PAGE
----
It may be one region but Asia is widely recognized as heterogeneous: what works in Singapore may not work in China, India or in Malaysia. The same applies for its governments. We analyze key policies and explain how they impact the overall ICT industry and general population.
Articles about Government Asia
Over US$18 billion in grants and loans will be available for new ventures, and the program will be expanded to all four of the country's special R&D zones.
Called Vikaspedia, the portal is part of the government's efforts to make information more accessible. For a start, It has data on health, agriculture, education, social welfare, energy and e-governance.
The Republic of Korea will harmonise its copyright laws with Australia within two years of the Korea-Australia Free Trade Agreement coming into force.
Hacktivist group made one of its boldest moves against the Singapore government when it leaked personal information of 10 public officers. Before its release, ZDNet's Ryan Huang found himself with the data, and many questions.
It's a low-snark week here at ZDNet Government HQ. The FBI's seemingly silly-sounding quest for malware actually makes sense, and new reports say the NSA is 80 percent less evil. At least it's all Obama's fault. Oh, wait, he just wants to put broadband in schools. All the gov news that's fit to put into bits. Read on...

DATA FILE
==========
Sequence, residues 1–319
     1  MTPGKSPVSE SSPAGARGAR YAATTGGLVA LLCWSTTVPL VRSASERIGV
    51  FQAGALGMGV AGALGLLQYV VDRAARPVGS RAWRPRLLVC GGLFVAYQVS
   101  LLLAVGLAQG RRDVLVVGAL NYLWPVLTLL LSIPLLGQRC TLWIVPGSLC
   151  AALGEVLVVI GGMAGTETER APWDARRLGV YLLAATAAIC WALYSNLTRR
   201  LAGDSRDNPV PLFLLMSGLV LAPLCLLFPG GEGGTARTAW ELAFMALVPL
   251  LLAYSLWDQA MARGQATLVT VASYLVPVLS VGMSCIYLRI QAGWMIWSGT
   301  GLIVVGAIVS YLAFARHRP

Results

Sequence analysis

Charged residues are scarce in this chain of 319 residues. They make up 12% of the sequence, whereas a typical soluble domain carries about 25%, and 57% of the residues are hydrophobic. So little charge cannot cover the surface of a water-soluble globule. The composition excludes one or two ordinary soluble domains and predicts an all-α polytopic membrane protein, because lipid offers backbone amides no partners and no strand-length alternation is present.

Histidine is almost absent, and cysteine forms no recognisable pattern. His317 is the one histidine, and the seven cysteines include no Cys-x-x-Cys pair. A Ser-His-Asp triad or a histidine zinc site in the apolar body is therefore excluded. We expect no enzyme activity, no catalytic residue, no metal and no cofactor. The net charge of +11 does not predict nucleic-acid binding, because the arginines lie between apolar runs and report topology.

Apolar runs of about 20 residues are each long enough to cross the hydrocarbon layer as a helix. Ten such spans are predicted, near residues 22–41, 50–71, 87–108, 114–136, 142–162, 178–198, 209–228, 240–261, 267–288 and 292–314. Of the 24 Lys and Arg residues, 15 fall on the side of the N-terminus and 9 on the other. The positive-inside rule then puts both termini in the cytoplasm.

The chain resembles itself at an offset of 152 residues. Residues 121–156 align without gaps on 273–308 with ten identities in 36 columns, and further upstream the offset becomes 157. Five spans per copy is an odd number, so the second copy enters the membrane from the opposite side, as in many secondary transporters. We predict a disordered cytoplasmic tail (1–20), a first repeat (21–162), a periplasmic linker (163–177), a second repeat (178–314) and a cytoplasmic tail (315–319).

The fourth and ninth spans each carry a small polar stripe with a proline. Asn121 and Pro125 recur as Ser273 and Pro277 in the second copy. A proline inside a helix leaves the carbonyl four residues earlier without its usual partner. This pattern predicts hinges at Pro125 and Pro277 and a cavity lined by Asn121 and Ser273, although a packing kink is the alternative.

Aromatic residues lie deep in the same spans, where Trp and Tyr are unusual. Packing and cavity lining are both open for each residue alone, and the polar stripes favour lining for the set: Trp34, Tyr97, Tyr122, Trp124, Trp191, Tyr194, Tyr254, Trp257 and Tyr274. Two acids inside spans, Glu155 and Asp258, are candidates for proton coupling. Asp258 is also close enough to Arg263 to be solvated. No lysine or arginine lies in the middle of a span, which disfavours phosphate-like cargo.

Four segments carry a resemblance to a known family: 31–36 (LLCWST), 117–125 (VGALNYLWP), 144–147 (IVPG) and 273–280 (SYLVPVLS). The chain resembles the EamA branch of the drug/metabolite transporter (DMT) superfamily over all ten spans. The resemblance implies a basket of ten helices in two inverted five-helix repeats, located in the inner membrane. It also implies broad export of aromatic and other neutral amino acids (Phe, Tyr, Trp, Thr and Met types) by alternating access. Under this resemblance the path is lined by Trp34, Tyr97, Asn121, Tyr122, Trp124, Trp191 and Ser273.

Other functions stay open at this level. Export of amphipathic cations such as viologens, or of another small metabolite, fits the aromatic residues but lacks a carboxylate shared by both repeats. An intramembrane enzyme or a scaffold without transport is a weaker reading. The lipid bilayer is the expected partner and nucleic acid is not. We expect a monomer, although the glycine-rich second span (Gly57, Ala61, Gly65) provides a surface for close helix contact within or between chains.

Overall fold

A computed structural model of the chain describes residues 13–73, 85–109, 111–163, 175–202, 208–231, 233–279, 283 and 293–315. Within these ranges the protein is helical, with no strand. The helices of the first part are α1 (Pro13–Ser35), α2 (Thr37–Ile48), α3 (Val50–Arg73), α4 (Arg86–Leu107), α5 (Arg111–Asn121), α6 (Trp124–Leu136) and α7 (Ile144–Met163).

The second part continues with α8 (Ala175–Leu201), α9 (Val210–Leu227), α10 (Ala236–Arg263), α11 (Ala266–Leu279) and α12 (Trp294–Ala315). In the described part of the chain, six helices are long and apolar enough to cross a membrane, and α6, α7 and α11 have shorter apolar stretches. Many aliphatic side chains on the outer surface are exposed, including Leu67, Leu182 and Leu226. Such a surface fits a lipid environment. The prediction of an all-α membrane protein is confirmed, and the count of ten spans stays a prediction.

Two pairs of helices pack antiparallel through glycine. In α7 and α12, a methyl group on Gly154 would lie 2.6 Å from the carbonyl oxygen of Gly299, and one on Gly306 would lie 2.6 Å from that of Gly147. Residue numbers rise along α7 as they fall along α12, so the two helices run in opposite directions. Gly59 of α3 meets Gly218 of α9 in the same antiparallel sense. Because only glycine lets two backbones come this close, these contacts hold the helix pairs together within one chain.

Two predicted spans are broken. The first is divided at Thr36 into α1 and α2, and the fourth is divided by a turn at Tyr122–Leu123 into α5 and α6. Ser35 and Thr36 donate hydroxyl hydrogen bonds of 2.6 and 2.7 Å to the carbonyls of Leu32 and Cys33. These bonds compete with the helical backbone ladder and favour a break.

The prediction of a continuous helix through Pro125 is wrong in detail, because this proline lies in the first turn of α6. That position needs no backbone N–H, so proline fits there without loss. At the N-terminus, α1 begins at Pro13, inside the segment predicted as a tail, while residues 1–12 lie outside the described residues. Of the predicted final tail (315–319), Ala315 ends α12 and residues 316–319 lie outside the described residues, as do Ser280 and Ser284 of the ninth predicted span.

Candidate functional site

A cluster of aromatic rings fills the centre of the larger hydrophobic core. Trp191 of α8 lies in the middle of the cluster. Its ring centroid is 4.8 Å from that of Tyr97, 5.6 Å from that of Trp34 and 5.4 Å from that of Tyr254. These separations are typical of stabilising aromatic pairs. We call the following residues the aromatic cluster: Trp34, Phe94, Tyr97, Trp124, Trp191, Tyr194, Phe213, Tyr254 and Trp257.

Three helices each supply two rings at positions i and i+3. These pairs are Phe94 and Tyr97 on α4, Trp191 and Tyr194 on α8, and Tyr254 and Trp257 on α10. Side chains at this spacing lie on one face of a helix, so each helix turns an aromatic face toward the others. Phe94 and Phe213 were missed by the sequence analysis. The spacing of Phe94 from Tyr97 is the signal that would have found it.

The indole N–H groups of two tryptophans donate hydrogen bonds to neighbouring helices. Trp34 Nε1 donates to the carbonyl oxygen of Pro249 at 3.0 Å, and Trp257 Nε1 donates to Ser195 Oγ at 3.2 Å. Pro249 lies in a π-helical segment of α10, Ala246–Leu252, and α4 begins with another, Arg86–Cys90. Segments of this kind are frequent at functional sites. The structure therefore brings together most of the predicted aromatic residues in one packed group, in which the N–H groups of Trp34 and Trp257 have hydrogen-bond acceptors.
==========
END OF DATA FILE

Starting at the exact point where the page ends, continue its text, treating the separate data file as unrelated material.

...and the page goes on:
In a bid to raise awareness over criminal proceedings against alleged hackers in Singapore linked to Anonymous, the hacktivist group called for its second tweetstorm in a month.
In response to recent arrests in Singapore linked to Anonymous, the hacktivist group is threatening to release more personal info unless it sees "a sense of justice and fairness" from the government.
Is anyone surprised that the appeals system for fixing errors made by Healthcare.gov is itself broken? Nah, didn't think so. NSA gets a new chief with a strong crypto-tech background, and lots more that's shockingly not shocking. This week's headline: gov less stupid than in other weeks.
ZDNetGovWeek: Glitches in the US courts, retail hacking worries, and Australia doesn't like Snowden either
Last week was a big week for the steal-from-and-betray-your-government crowd as the patron saint of hit-and-split-treason spoke out from his secret lair hiding behind Putin's pants. Meanwhile, there was actual real news going on in government throughout the world. Click in and read.
The central bank said the digital currency was not covered under any regulations, and highlighted the risks involved in transaction security.
Net neutrality is pretty much being neutered and President Obama gave a big speech on spying, pretty much saying what you'd expect (except the metadata program might change if they can figure out how). Shocking? No. Confidence inspiring? What do you think?
Patent-related laws will be revised to protect local tech companies the rising number of abusive practices by non-practicing entities.
Why does this sound like the beginning of a Godzilla movie?
It's been a quiet week for government news the world over. That doesn't mean everyone in government is avoiding doing stupid things. It's just that last year's stupid things are getting old, and this year's stupid things haven't yet trickled up into news stories. No worries: if there's government, there's stupid. Stay tuned.
Singapore's tax authority has outlined where tax is payable on Bitcoin transactions made by its local businesses.